Platon'dan Smith'e Sosyal Düzenin İnşası
Şenses, Osman İnan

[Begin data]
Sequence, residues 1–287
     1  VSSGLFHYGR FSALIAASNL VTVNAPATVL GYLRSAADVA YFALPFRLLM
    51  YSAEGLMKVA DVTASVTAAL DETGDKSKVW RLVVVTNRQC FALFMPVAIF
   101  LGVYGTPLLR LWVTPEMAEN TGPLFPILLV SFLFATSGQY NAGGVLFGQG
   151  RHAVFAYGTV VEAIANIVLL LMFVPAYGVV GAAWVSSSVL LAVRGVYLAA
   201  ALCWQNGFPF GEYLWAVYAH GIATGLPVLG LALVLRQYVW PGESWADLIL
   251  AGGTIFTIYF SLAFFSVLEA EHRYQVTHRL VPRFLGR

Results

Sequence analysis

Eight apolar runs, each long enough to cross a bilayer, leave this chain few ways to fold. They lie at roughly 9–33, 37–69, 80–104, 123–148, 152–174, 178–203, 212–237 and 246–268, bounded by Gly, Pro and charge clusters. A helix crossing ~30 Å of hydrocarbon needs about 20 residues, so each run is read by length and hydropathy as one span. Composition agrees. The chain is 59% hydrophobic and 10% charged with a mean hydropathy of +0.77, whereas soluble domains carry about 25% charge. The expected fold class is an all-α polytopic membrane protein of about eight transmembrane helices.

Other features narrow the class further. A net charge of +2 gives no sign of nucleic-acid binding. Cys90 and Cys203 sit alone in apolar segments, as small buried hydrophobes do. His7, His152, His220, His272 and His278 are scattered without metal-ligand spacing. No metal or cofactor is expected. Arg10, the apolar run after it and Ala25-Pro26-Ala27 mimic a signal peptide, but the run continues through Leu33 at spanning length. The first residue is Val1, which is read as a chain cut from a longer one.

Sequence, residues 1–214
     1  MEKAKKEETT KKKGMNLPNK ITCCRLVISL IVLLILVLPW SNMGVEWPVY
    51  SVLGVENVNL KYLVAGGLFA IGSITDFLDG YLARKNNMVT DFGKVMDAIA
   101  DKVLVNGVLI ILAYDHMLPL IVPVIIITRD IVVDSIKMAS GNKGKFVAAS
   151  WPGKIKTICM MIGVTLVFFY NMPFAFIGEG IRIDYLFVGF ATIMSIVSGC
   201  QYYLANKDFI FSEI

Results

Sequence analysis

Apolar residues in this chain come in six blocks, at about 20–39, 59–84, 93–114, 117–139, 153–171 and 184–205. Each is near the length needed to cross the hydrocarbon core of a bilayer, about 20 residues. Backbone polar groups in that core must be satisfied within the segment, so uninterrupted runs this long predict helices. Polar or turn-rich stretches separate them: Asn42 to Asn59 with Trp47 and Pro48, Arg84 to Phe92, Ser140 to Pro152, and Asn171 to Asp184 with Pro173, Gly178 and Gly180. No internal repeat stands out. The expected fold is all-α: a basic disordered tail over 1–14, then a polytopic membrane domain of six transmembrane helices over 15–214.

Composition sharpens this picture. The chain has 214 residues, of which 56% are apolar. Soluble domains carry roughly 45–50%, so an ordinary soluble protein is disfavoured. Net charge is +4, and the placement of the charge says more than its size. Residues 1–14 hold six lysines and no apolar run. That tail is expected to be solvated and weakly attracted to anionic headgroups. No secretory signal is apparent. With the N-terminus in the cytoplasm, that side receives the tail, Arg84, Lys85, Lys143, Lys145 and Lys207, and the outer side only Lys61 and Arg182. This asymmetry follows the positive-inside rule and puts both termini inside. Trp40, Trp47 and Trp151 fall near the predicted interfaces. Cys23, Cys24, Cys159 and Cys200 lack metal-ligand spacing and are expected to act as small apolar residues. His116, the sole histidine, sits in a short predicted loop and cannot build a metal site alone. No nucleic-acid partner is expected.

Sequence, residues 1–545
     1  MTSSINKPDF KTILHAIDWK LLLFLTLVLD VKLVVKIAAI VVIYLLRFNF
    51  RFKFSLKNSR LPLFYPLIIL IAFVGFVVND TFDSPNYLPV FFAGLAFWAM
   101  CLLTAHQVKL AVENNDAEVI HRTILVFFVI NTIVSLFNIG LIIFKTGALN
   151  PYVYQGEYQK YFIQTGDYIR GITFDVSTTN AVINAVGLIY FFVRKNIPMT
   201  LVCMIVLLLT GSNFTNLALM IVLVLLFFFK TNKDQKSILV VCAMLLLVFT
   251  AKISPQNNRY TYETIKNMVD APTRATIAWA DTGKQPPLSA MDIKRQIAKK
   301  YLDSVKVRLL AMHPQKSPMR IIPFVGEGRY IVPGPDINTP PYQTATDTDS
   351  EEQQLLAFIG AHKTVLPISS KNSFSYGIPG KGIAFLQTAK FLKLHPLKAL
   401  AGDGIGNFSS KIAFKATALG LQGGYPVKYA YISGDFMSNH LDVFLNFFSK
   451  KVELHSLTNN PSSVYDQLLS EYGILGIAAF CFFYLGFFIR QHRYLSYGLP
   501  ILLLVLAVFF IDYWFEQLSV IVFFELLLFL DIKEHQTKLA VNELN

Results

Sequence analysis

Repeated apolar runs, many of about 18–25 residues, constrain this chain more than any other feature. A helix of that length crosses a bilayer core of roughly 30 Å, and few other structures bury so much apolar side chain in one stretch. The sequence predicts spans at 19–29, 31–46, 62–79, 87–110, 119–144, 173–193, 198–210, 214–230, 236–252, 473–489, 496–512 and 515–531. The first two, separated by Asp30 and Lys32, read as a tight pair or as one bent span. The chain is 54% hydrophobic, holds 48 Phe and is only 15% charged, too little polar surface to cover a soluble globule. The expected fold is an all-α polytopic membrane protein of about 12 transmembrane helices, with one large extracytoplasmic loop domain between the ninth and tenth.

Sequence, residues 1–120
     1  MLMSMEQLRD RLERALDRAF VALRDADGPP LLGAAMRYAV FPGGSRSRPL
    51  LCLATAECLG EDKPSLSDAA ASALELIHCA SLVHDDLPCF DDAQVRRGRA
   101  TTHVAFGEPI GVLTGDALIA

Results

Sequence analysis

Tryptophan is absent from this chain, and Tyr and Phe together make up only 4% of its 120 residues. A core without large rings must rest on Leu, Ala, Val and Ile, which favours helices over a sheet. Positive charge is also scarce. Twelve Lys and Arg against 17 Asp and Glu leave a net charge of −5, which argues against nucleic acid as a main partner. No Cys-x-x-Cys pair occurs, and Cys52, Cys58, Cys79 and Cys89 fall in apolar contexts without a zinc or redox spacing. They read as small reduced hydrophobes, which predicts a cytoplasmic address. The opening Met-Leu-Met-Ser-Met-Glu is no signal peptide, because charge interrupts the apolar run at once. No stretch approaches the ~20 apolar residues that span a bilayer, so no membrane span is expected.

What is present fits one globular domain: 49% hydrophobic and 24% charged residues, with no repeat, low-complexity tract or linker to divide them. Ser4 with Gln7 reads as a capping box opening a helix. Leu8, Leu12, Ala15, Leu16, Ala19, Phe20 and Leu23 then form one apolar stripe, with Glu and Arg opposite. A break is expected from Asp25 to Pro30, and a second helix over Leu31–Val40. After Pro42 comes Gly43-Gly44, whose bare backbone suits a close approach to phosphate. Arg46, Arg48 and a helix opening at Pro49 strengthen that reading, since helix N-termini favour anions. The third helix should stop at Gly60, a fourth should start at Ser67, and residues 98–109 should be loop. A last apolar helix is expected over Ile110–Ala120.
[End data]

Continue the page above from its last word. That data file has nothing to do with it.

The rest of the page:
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When we think of human nature, and of her organized unity, society, we realize that these structures entail a certain social order and that its main lines of development are shaped within such an order. The nature of the social order reveals, indirectly, essential characteristics of a human and society. Thus, the present thesis attempts at constructing an axis that could help us to deal with the generality of these issues of nature and social order. First moment in this attempt is to understand, philosophically, how the fiction for an idealized order can be constructed. Our first moment in this journey is to deal with the issue of constructing the philosophically idealized social order, on the basis of Plato’s and Aristotle’s writings. According to these two eminent philosophers, wisdom and well-being (“the good life”) form the main axis of such an order. In the next step, we are to be witnessed the intersection of this idealized fiction with the political reality itself, Spinoza being the specific example this time. Idealization and rationality escape, however brief, from the glamour of transcendental vis a vis passion and desire. Our inquiry of the social order proceeds, then, towards the issue of power through the writings of two monumental figures, Machiavelli and Hobbes, who present us the reality of the order directly and in its whole nakedness. Locke is our next step for the very reason that he was the one who reveals the essence of this reality quite explicitly through his emphasis on private property as the foundation of the social order. Construction of the social order encounters some, albeit partial, not essential, criticisms with the arguments of Rousseau’s. Rousseau represents, all the same, longing of the past, embarrassment of the present, and the opacity of the future. At the end, we will see that philosophical and political language in the attempt at constructing the social order will yield its prominence to the economic language devised by Adam Smith, who places the individual guided by her self-interest at the very center of the construction of the social order, with his notion of the “Invisible Hand”. In other words, our journey of constructing the social order that started with the constitutive power of the wise man ends with the actions of the individual whose conduct rests on the simplest and the most concrete motive of self-interest. This, in the end, completes our attempt at constructing the main axis of the social order from Plato to Smith. Keywords Social order, human nature, society, law, power, interest, private property, wealth.